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Study Finds National Park Ecosystems Threatened by Nutrient Pollution
National parks are protected by the federal government and carefully managed, so it’s easy to assume that they’re safe from the harm of human activity. Unfortunately, new research shows that many parks across the country are vulnerable to nutrient pollution caused by agricultural operations. A study published in the journal Atmospheric Chemistry and Physics showed that 38 of the 45 national parks examined are saturated with levels of nitrogen past the threshold that can sustain organisms in sensitive ecosystems such as hardwoods, lichens, and prairie grass.
The study, led by Harvard University professor Daniel Jacob, investigated the amounts of nitrogen oxides and ammonia released from agriculture, power plants, and vehicle exhaust. They saw that these compounds were spread to national parks via air currents across the United States. Levels were highest in parks situated close to industry, traffic, or large farms. They pointed to Cuyahoga Valley National Park, Sequoia National Park, and the Great Smoky Mountains National Park as the most critically affected.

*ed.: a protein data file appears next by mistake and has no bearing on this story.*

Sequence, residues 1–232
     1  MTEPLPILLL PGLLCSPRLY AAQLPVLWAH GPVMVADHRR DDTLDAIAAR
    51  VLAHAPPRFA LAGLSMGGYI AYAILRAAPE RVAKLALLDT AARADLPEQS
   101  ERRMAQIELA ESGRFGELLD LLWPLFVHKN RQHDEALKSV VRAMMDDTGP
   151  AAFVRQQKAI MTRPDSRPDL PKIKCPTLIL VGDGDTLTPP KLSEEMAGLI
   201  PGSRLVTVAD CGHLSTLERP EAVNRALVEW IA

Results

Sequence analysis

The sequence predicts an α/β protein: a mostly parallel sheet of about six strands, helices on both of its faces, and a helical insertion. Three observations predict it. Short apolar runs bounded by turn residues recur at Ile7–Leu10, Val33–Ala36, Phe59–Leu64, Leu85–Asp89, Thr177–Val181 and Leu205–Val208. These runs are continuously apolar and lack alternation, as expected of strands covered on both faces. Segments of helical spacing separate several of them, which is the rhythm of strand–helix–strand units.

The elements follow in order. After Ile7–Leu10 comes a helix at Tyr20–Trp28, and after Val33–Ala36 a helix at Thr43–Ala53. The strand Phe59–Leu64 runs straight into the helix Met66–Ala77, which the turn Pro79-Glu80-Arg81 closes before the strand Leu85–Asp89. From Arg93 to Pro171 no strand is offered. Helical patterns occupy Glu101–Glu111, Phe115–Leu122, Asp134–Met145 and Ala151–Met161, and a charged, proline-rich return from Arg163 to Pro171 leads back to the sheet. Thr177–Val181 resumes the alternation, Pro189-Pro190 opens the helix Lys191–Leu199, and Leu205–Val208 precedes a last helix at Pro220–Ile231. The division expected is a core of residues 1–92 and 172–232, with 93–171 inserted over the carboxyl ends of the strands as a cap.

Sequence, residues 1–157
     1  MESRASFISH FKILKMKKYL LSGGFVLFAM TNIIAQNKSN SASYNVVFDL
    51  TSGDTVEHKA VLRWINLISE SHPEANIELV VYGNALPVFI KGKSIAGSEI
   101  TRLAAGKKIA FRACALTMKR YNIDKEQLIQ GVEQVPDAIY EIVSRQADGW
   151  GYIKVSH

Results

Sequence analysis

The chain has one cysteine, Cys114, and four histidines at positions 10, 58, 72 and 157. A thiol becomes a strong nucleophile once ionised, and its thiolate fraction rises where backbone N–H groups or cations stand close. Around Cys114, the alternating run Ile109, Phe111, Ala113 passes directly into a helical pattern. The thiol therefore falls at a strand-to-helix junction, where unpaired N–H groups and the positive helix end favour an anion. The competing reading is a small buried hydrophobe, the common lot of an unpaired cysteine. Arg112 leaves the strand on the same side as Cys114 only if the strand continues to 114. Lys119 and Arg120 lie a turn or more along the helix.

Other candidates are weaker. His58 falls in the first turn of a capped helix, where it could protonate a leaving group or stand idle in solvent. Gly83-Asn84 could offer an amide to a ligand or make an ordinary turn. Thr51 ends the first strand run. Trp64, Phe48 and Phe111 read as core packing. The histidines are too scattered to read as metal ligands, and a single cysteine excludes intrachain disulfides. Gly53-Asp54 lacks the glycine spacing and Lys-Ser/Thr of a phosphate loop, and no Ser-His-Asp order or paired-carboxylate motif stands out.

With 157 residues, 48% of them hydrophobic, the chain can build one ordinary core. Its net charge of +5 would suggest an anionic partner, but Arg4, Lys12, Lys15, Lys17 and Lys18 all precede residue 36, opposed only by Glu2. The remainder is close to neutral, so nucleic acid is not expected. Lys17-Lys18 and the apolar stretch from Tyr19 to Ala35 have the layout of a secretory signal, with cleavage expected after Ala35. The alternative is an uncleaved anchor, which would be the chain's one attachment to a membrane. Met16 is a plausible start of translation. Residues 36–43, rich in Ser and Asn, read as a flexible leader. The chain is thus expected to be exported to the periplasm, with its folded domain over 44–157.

While plants do require nitrogen to grow, too much of the element can cause harmful algal blooms, give competitive advantages to exotic species, increase the acidity of water, and disrupt the nutrient cycles. Stricter air pollution regulations have reduced the amounts of nitrogen oxides from fuel, but the levels of ammonia from livestock and fertilizers have increased. As the population of the United States grows, the researchers predict ammonia from farms could increase by 50%. There are currently no strict federal regulations to deal with ammonia emissions.
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